Researchers from the Frontiers scientific community recently conducted a study in Brazil to examine the cause of low reading skills in Brazil’s young children. The study tested 106 children ranging from ages six to eight. The study found that poor memory skills are closely correlated with lower reading skills.
The 106 children tested came from a variety of backgrounds. Half of them live below the poverty line, half above. Researchers intentionally split participants this way to determine the impact of socioeconomic status on basic reading skills. After testing the children, researchers found that memory skills had the most severe impact on young readers, regardless of their socioeconomic status.
The testing consisted of 12 cognitive assessments. Researchers were able to determine that memory skills correlate with reading abilities based on the fact that the children who were evaluated by their teachers as “poor readers” scored the lowest on the Working Memory/Cognitive Flexibility sections of the test. The other three components of the assessment were Interference Suppression, Selective Attention and Response Inhibition.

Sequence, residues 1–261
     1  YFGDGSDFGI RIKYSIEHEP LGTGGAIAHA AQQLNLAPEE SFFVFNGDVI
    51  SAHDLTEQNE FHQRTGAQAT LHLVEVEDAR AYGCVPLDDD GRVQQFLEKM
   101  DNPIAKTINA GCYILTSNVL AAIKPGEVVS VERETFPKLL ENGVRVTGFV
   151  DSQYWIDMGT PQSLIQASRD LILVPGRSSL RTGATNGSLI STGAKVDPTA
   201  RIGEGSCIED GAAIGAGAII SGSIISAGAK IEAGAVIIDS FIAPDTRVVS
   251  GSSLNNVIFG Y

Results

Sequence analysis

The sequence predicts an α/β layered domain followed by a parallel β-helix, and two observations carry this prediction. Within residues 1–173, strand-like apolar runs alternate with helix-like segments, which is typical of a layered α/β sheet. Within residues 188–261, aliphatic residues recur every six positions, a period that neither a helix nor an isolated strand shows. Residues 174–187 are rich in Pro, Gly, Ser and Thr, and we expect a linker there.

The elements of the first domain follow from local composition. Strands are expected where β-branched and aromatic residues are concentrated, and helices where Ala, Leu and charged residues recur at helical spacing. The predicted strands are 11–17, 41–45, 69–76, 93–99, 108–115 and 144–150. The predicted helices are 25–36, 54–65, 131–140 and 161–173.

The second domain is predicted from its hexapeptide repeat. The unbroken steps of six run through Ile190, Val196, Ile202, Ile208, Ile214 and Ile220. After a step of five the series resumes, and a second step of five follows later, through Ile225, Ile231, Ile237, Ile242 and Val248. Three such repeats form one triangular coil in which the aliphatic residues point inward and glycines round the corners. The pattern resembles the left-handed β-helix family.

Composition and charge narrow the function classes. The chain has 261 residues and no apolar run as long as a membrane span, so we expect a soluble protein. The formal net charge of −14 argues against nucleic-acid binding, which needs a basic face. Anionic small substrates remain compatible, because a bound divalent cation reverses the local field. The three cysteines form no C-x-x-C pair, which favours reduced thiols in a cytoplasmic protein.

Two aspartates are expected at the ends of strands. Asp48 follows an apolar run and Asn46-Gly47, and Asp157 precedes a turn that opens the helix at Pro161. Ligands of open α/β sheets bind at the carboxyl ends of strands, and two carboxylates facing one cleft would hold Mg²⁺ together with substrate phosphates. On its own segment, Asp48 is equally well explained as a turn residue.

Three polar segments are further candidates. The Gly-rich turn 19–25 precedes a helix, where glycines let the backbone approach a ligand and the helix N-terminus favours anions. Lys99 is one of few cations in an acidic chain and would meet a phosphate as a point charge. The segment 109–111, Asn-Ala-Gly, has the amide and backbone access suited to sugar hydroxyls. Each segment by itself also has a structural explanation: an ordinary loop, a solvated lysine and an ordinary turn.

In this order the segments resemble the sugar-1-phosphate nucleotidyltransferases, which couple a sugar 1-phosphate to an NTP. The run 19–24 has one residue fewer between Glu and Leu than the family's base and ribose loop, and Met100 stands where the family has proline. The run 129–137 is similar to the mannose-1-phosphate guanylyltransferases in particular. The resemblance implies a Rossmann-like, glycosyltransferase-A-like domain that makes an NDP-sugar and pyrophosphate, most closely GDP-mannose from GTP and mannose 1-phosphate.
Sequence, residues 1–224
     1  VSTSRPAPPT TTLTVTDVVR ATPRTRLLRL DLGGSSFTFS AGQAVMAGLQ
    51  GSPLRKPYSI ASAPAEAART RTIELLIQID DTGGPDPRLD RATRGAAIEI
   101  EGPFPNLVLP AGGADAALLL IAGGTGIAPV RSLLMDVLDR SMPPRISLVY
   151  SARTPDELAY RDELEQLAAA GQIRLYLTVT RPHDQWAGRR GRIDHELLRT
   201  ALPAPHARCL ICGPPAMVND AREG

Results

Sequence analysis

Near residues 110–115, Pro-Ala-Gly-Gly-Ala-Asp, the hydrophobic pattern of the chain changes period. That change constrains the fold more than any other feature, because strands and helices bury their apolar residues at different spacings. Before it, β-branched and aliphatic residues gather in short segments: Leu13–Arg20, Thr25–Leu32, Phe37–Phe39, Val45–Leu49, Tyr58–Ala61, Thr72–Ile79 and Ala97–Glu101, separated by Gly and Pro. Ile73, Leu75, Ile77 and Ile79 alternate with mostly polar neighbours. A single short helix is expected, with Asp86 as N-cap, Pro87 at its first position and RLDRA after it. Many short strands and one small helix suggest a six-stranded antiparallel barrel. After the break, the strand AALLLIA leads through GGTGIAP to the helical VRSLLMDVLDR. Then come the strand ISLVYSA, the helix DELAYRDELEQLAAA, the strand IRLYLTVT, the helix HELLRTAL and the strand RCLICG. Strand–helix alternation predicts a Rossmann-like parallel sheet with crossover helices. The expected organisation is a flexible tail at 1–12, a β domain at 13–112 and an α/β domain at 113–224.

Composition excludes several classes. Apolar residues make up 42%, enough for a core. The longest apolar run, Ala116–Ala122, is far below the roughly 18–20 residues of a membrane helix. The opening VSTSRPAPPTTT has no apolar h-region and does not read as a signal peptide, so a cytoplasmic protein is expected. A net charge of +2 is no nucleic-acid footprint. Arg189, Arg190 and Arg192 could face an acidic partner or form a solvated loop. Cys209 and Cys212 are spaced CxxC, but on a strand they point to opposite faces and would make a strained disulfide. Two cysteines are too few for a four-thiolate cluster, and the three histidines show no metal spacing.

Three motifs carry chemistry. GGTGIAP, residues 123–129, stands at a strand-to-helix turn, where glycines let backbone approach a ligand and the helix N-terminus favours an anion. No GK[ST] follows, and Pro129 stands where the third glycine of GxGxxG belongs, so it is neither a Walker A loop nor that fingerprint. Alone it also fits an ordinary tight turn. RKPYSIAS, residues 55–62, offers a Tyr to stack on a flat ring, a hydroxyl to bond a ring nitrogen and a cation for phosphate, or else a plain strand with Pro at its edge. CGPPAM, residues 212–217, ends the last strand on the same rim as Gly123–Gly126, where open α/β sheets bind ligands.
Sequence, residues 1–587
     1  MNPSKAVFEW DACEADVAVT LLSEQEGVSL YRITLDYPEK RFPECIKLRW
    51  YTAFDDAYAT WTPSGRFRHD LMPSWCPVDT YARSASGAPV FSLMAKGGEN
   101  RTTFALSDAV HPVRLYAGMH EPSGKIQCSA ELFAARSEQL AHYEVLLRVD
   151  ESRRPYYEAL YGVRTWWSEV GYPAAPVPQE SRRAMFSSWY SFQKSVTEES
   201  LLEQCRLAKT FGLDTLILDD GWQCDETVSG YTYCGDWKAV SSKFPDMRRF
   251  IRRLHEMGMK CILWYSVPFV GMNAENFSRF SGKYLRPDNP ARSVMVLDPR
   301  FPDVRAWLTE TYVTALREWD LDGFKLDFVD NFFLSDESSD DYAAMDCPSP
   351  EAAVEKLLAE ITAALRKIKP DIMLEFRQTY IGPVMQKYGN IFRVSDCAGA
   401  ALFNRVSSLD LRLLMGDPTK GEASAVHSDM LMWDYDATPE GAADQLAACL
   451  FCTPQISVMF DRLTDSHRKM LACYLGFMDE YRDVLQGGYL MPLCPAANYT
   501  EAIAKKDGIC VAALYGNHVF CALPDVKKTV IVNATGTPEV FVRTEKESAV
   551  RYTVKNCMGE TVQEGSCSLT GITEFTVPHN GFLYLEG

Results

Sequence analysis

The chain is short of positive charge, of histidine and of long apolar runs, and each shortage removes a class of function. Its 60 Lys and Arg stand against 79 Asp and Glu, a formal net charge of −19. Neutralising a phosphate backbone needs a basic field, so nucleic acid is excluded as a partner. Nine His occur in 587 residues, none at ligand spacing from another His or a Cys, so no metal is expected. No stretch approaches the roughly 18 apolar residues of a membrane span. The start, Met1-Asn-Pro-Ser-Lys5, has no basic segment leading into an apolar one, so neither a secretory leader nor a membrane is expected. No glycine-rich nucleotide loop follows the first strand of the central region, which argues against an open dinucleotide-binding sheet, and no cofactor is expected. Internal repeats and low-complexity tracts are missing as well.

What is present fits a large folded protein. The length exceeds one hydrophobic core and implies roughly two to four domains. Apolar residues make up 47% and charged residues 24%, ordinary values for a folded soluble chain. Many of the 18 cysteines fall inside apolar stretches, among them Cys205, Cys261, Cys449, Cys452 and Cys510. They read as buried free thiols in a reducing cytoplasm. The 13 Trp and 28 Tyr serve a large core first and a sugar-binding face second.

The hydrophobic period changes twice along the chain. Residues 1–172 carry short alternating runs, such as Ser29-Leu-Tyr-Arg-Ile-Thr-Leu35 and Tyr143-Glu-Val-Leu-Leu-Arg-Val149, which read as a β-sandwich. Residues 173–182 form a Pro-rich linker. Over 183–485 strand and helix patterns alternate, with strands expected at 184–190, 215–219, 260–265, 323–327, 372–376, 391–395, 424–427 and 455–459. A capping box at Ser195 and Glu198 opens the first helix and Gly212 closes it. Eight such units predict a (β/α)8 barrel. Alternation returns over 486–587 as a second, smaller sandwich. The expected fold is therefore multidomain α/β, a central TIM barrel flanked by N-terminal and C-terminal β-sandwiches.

Higher level readers, on the other hand, consistently performed better on the Working Memory/Cognitive Flexibility sections of the test. The difference between high and low level readers’ results were not as significant in the three other areas. Therefore, the examiners conducting the test were able to hypothesize that memory and reading skills are related somehow.
A strong memory allows a child to concentrate on an activity for an extended period of time, which may account for children with strong memories who find reading easier at a young age. These children have a greater attention span and can focus on learning how to read for a longer period of time than children with weaker memories.
In countries where student to teacher ratios are poor and classrooms are small, the potential for distractions in the learning environment is very high. Children with strong memories and, therefore, extreme concentration abilities can focus on their studies better than students with less cognitive flexibility.
Unfortunately, distracting conditions are common, meaning that some children inevitably will score lower on reading tests. By providing funding to decrease student to teacher ratios and build more functional classrooms, it is possible to decrease distractions in classroom settings which hinder learning in children with weaker memories. By fixing the classroom environment, educators can solve a seemingly un-fixable problem.
– Emily Walthouse